NEW YORK (AdAge.com) -- Negotiations in the upfront market with the five major broadcast TV networks are close to wrapping up, according to media buyers, with several anticipating volume in the onetime $9 billion-plus market to be off by as much as 10% to 15%. A good portion of the cable marketplace has moved as well, buyers said, with volume likely to be down anywhere from 7% to 12%.
That means total broadcast volume could fall to as much as $7.8 billion to $8.2 billion this year, down from the approximately $9.23 billion the networks secured for their prime-time ad inventory in 2008, a sign of the toll the roiling economy has taken on marketers' willingness to spend on key media outlets. Cable secured about $7.5 billion in commitments last year.
The individual volume of commitments for most of the networks could not be immediately determined, though all are expected to be below last year's totals. Buyers believe CBS may have taken some small amount of share from rivals. All of the networks declined to comment on whether they had wrapped up all negotiations or were unable to make executives immediately available. Both News Corp. and CBS Corp. are expected to report earnings later in the week, and it's possible that executives from those companies could address upfront results on those calls.
Overall, the projected shortfall marks the first significant drop in upfront dollars since the economic downturn of 2001. That year, the broadcast networks secured around $6.7 billion in upfront commitments, according to Advertising Age -- noticeably down from estimates for 2000 that ranged from $7.8 billion to $8.3 billion.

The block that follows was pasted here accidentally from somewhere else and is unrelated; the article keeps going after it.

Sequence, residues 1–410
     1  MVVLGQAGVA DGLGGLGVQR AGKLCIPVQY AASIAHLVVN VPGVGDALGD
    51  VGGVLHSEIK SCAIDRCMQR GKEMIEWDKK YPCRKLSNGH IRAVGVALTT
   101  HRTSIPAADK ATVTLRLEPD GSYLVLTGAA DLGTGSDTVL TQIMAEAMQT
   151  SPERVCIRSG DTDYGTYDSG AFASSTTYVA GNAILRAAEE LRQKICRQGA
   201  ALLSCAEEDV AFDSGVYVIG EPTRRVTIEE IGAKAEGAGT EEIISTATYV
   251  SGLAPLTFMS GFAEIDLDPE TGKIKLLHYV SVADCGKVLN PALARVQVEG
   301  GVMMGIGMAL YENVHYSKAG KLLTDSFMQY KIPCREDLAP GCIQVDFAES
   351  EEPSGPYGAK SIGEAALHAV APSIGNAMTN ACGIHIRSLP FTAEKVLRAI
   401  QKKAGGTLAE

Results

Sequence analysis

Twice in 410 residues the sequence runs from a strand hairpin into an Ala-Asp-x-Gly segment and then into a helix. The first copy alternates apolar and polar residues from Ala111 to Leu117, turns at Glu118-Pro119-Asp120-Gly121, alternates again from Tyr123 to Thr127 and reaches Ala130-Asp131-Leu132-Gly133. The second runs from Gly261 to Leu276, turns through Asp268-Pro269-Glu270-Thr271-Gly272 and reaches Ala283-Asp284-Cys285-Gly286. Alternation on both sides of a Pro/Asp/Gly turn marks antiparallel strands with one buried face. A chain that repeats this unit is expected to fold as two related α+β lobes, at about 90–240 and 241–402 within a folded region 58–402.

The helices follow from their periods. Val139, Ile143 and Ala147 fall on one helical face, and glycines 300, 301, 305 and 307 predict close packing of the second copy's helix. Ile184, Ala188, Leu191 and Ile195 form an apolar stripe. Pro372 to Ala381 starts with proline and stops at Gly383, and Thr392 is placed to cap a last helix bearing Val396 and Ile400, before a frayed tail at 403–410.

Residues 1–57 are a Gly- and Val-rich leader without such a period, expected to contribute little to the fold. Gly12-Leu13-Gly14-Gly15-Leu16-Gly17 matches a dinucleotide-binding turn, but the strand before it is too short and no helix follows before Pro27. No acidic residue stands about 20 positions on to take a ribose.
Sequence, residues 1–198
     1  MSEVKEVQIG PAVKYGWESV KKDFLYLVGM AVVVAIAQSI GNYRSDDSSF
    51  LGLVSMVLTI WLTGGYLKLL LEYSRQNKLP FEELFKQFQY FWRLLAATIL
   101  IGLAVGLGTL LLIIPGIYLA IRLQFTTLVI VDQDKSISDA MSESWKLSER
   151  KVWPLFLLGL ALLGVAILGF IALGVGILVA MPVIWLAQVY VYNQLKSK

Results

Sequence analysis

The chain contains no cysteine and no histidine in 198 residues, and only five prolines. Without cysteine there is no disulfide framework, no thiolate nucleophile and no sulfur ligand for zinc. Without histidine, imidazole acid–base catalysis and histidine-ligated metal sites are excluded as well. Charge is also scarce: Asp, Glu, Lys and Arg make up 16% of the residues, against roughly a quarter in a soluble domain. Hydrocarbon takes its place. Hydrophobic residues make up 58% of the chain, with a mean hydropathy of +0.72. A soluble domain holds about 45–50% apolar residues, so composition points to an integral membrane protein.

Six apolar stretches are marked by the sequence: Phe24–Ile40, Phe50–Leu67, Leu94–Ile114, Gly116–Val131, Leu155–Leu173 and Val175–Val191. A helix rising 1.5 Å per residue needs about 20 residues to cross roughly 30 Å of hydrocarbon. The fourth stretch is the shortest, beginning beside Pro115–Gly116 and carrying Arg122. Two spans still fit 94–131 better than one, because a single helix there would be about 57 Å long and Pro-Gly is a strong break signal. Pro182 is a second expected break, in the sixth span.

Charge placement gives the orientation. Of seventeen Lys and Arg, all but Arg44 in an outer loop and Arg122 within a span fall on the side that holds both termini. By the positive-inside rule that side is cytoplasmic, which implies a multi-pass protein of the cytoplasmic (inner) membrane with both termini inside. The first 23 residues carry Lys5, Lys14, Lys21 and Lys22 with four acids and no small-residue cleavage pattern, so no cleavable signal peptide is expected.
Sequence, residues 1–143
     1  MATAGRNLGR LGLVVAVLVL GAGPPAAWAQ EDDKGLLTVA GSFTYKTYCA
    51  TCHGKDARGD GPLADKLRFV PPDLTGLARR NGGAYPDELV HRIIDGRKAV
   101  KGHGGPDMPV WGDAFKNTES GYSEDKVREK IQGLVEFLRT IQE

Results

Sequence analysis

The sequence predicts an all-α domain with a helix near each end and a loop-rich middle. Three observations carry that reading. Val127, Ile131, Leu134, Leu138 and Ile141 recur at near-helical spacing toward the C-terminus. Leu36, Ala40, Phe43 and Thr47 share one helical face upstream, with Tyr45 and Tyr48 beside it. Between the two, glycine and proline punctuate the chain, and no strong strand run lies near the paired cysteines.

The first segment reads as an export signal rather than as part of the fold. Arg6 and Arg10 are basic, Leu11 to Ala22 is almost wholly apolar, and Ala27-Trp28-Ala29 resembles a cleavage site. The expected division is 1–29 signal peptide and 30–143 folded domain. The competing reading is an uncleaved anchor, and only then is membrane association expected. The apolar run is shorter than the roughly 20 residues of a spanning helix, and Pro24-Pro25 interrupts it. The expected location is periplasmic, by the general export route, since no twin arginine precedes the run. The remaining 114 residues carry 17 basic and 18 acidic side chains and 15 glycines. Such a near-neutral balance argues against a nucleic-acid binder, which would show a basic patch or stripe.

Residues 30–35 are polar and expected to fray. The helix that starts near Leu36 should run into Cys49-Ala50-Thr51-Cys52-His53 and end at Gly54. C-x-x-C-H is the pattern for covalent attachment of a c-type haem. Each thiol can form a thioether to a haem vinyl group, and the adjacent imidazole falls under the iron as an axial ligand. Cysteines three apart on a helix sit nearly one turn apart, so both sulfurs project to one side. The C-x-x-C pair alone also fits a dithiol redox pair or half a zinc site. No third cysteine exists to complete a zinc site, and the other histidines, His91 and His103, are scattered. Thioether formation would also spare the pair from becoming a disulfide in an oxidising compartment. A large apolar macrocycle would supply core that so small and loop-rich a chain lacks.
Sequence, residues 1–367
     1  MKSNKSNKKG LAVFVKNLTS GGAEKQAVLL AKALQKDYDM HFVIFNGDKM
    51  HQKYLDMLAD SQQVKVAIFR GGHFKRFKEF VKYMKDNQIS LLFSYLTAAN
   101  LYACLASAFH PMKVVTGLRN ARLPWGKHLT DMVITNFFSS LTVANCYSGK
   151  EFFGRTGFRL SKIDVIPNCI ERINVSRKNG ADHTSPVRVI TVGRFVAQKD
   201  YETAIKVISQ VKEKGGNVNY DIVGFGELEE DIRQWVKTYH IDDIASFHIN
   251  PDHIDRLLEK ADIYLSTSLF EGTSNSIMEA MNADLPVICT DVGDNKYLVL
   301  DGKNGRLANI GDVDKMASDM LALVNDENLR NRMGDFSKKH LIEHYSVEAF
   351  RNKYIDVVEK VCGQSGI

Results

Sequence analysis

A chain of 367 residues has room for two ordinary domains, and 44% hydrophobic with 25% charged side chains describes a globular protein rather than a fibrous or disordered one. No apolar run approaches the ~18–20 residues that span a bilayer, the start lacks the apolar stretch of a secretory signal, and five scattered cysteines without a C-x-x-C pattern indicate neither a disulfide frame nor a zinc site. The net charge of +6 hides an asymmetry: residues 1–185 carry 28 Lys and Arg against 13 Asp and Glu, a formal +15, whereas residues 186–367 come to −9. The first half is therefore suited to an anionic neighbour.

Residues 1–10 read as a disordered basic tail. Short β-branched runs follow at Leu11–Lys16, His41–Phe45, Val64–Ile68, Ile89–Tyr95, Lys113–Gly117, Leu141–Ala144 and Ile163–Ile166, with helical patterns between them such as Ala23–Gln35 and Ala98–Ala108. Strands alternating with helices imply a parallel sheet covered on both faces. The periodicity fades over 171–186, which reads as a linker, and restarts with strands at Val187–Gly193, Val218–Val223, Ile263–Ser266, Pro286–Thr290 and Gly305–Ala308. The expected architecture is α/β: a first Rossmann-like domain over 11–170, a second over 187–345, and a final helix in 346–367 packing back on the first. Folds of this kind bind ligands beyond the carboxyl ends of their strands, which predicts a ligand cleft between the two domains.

Likely less was sold
With the economy keeping marketers' hands tight on their purse strings, it's likely that most networks sold a smaller amount of inventory than in years past -- the better to try to make up money during the "scatter" market, when ad time is purchased closer to air. Indeed, just last week, top executives at Walt Disney, parent of ABC, said the network known for "Lost" and "Desperate Housewives" would sell less ad time in the upfront, as some major advertisers were sitting on the sidelines during the process and more marketers were holding on to dollars as long as possible.
A person familiar with the situation said at the CW, the broadcast network owned jointly by CBS Corp. and Time Warner, the network's volume was down 10% to 12% from the approximately $350 million to $375 million it secured last year. This person said the network, known for its broadcasts of "Gossip Girl," among other programs, sold about 65% of its inventory, down from approximately 75% to 80% in last year's market. Like its sibling networks, the CW was offering rollbacks in the price of reaching 1,000 viewers, or CPMs, in the 2% to 3% range, the person said. NBC, owing to greater ratings shortfalls, has been offering CPM rollbacks in the negative mid-to-high-single-digit range, according to buyers.
While the networks may see volume fall this year, buyers anticipate the scatter market could pick up. Upfront totals merely represent a directional indicator of how spending could move; the commitments can change over the course of a TV season, with marketers moving money as programming changes or reworking their options to put money down quarter by quarter.
The upfront market has seen some dips in the more recent past: In 2006, upfront spending fell to between $9.2 billion and $9.4 billion, from about $9.5 billion in 2005. The economy wasn't the main factor at the time. Instead, marketers were demonstrating broader concerns about the effectiveness of TV advertising. For the last two years, broadcast TV upfront commitment totals have hovered in the $9.2 billion range, as advertisers wrestled with new ratings that take into account ratings erosion as well as measuring playback on digital video recorders.